A. This is extremely shaky speculation. Yes, Israel could have intervened in Syria before the appearance of ISIS, at a time when the Assad regime was weak and beleaguered and Iran and Russia had not yet intervened. Yes, it could conceivably have removed Assad from power. At the time, a variety of secular Syrian opponents of the regime were asking Israel for help. Naturally they pledged to live at peace with us (in return for the Golan Heights) once we had helped them take power.

But for Israel to meddle in an Arab neighbor’s politics and state structure? We’ve been there before, in 1982 in Lebanon, and the outcome was horrific. We occupied Beirut, installed a supposedly friendly Christian president in power, kicked the PLO out, gave Syria a bloody nose, and ended up with no friends and only enemies in Lebanon. It took us 18 years to extract ourselves. Our neighbors--all of them--never forgave us. The outcome was more war and destruction, not peace. Separately, we tried to dictate to Palestinians under our occupation who would rule them, and even that failed miserably as Israeli-appointed West Bank and Gaza leaders were assassinated by the PLO.

Two retired and very distinguished IDF generals, Amos Yadlin and Amiram Levin, argued recently that Israel should have intervened in 2012. Recall that at the time, PM Netanyahu was locked in conflict with his most senior security advisers over Netanyahu’s demand that Israel attack Iran to thwart its nuclear program. Perhaps it is fair to say in retrospect that Netanyahu’s interventionist energies would have been better devoted to Damascus than to Tehran.

But Israeli intelligence back then got Syria all wrong. No one predicted at the time that ISIS, Iran and Russia would enter the fray in Syria. There were even (incorrect, in retrospect) learned predictions then that Assad would fall anyway. Taken together, these assessment errors would have constituted a disastrous intelligence basis for intervening.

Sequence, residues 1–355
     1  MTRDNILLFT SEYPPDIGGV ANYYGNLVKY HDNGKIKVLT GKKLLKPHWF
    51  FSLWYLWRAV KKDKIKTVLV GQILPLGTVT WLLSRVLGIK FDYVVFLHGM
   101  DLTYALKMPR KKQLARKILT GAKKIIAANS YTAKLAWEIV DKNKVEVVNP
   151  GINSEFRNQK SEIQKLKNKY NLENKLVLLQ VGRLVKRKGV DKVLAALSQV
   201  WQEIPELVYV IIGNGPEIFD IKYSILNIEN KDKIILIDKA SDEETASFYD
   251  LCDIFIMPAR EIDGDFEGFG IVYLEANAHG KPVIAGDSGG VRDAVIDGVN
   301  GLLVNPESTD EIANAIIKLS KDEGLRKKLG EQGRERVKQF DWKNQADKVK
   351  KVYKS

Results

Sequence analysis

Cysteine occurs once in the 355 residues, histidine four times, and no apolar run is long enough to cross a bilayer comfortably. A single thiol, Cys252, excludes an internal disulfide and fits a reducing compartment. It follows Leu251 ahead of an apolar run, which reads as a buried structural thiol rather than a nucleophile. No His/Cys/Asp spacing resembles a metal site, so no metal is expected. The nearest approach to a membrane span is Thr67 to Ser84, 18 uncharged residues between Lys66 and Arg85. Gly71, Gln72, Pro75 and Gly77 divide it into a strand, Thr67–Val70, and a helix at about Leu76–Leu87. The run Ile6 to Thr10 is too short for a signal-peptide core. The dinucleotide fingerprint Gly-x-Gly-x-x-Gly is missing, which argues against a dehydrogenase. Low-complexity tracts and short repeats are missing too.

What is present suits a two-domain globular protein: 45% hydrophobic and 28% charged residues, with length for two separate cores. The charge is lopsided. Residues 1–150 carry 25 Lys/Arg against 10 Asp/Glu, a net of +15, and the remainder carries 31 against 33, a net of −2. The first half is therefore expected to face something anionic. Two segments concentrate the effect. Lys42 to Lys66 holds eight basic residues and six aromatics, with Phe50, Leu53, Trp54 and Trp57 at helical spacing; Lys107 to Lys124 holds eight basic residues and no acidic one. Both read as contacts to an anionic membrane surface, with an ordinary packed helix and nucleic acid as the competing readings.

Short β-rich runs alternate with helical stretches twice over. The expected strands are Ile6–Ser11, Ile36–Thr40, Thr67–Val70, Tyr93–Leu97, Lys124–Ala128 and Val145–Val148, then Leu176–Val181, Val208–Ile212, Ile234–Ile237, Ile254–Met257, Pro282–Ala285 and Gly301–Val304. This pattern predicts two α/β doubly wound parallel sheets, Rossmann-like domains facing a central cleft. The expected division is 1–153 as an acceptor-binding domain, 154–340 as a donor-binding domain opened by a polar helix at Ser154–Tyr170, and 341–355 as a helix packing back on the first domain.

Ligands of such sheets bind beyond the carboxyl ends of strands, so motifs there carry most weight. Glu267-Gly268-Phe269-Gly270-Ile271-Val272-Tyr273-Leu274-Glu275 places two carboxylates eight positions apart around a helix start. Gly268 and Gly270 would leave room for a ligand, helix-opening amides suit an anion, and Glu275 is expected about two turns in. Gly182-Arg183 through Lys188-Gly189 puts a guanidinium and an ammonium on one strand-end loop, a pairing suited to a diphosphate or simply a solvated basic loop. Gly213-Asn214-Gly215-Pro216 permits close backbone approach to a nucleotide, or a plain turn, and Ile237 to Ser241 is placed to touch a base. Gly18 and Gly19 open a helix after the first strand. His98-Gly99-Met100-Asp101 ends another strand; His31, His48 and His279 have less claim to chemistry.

But most important, have we really begun to forget the lessons of 1982? What if we intervened and Assad survived? He would have rallied the entire Arab world against the Israeli aggressor. What if we occupied Damascus and couldn’t extract ourselves? What if the “moderate” Syrians turned out to be (surprise, surprise!) not so moderate? In any case they all seemed woefully unorganized and incapable of taking advantage of military support. But why suffice with Assad when we could theoretically have intervened in Egypt to remove its Muslim Brotherhood president, Mohammed Morsi, and “restore order” to another neighbor?

One presumed background factor behind speculation regarding what we should have done in Syria is the sense that now, with Assad surviving and the Iranians and Russians embedded to our north, we confront a real strategic dilemma (Egypt turned out alright without our help). “How could we have avoided this?” the pundits ask.

My answer is that we couldn’t, any more than we could or should have prevented revolutions in six Arab countries in 2011 and mayhem in Iraq after 2003--all developments that have eased the Iranian and Russian entry into the Levant and elsewhere in the Arab Middle East.

Some of these negative developments (e.g. Iraq) represent disastrous American policy decisions. Some represent unpredictable tides of history. With all due respect, all of them dwarf little Israel and its aspirations. While Netanyahu would have been reckless to an extreme had Israel attacked Iran’s nuclear infrastructure back in 2012, his caution then and ever since regarding intervention in Syria is, I believe, justified. Yes, Iran is getting close and the Russians are problematic friends. And yes, the US under Trump continues to make mistakes based on ignorance and hubris. But we have to know our place in the greater geostrategic scheme of things.

Setting red lines for the Iranians and Hezbollah in Syria, including for Iran’s efforts to enhance Hezbollah’s missile arsenal, makes sense. Coordinating with the Russians in Syria, to the greatest extent possible, makes sense. Encouraging coherent US policies in the region of course makes sense. We seem currently capable of enforcing our red lines successfully without getting dragged into a new war.

True, that war may well come despite Israel’s deterrent and preventive efforts. But we’ll fight it from a defensive pose based on national consensus. History has shown that that’s the best way.